Fast Food Restaurants
During my growing up in the '60's, there were lots of fast food places to get the usual hambruger, fries and shake. of these places didn't have any indoor seating and you had to order at the window outside. I had two favorite places in the whole world: McDonald's and Arctic Circle. There were others, but our family usually bought burgers from either one, or the other. The fast food burger joints were no doubt the best places to be on a weekend evening. Guys, (and sometimes girls) ,would bring their cars and it was like a massive cruise-in with food. Music was heard from car radios far into the night, and on a hot summer evening, the hamburger joints were some of the best places on earth. In 1964, hamburgers cost around 19-24 cents apiece. Fries were about 15 cents, and you could get a shake for 29 cents. A family of four could get a generous fast-food dinner for under five dollars - something that's impossible today.
McDonald's offered hamburgers for 15 cents, and cheeseburgers for 19 cents. Even during those days, that didn't seem like a lot of money; it seemed very reasonable-again-unlike today's prices. I really loved the fries at McDonald's, and the milk shakes were great! Milk shakes and drinks came in one size, as did fries. Some places served items like "jumbo" burgers for a nickel, or ten cents more.
Secret Sauce was another element of product that set these places apart from each other. Arctic Circle was my favorite hamburger/fast-food place, and they used a cryptic blend of ketchup and mayonnaise cleverly marketed as "fry sauce". What I really loved the most about Arctic Circle was all the shredded lettuce and tomatoes they put on their burgers. I could eat one after another!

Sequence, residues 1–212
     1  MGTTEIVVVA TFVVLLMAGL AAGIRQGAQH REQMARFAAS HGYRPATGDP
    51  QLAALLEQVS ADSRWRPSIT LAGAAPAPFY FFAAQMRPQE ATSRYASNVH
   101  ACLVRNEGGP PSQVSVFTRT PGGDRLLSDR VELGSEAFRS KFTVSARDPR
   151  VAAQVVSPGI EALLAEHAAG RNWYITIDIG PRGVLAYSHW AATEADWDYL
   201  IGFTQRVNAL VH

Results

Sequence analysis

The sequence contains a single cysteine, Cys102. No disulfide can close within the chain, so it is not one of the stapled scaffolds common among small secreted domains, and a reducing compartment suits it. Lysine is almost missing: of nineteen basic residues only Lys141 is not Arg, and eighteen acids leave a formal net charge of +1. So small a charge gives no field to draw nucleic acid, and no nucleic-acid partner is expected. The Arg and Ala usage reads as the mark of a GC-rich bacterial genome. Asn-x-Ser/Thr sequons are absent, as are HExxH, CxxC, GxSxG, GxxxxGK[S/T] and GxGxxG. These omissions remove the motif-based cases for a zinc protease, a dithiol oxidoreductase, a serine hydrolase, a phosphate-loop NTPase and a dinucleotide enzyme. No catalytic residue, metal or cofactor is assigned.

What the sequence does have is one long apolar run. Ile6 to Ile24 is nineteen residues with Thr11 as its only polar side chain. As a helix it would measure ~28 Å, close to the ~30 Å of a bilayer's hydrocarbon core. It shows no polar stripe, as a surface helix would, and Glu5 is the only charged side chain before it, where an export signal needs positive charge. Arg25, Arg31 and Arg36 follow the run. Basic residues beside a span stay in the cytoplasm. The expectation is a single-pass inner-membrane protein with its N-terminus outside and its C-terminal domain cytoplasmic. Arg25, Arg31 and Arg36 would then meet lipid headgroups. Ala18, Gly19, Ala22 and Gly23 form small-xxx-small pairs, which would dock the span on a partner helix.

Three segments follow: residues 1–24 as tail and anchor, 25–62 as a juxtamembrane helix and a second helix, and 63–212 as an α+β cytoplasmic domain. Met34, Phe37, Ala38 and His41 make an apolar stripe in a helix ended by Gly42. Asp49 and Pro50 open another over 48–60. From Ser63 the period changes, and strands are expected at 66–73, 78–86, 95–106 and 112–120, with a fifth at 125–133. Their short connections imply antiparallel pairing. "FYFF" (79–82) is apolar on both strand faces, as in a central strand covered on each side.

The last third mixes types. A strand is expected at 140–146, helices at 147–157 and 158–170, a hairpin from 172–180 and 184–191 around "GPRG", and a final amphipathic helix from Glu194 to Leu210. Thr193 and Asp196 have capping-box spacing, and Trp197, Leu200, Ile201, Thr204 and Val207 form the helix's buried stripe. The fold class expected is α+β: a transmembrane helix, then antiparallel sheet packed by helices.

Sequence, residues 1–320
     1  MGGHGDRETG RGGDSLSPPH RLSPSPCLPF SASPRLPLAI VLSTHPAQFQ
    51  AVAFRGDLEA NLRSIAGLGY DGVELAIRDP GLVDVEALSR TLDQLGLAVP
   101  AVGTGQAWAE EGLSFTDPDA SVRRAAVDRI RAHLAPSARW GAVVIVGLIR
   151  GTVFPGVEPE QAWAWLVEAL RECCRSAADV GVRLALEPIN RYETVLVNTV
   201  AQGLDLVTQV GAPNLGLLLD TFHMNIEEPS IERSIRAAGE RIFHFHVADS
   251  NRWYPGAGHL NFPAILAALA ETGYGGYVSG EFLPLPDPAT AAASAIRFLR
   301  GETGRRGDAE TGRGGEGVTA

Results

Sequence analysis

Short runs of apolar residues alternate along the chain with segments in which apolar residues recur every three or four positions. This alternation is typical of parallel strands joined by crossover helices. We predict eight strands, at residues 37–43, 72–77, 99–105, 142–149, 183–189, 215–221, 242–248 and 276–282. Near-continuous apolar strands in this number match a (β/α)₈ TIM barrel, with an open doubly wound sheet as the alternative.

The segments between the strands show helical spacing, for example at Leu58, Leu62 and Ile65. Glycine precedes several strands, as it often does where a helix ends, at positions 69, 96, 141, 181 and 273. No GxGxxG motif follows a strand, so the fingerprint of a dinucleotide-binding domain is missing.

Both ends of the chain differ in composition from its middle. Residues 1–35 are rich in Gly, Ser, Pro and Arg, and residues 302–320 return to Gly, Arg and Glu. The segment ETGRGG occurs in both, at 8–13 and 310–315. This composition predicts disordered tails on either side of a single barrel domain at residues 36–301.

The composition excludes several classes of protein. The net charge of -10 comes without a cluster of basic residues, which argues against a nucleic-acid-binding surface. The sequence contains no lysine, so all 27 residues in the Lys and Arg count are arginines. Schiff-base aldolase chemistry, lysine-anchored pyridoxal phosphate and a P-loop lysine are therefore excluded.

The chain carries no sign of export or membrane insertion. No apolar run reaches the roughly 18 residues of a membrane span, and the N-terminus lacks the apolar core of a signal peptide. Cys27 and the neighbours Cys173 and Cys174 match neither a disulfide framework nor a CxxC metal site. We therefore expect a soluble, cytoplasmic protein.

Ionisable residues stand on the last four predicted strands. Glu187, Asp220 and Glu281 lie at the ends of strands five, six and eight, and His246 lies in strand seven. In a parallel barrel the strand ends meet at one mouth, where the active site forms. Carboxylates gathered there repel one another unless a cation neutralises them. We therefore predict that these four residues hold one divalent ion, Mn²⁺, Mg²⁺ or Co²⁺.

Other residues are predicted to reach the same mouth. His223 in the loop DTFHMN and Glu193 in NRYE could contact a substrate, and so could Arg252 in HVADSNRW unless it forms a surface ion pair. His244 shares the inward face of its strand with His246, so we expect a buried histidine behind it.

My brother eventually got a job working for Arctic Circle, and they let him bring home all the leftover hamburgers. I can't tell you how much I loved that! Some fast-food establishments also offered toy premiums.
Arctic Circle, gave away "Gonks" with every order over four dollars. Gonks were silly looking inflatable figures with a round nose and a tiny bell inside that jingled whenever they were moved. I thought Gonks were the best; my favorites were the Beatle Gonks, but they were so popular that the chains were always sold out whenever I tried to get one.
There was one time when I had my first taste of a real "home cooked" hamburger when my mom took me to a small cafe one Saturday afternoon. I can't describe how good it tasted. It was so fresh tasting, with grated lettuce, dripping with mayonnaise, and fresh pickles and tomatoes.
Ice Cream was another matter entirely; whenever possible we went to Dairy Queen. In those days, the stores were far and few between, and sometimes involved some driving. In one of our neighborhoods, there was a Tasty Freeze. The ice cream itself was just as good, but they didn't have the "dipped" topping that seemed to be Dairy Queen's sole trademark.
The lunch counters at Newberry's or Woolworth's were a special treat. There was nothing like parking on a little stool and spinning side to side while enjoying a lunch of grilled cheese and potatoe chips, or a BLT.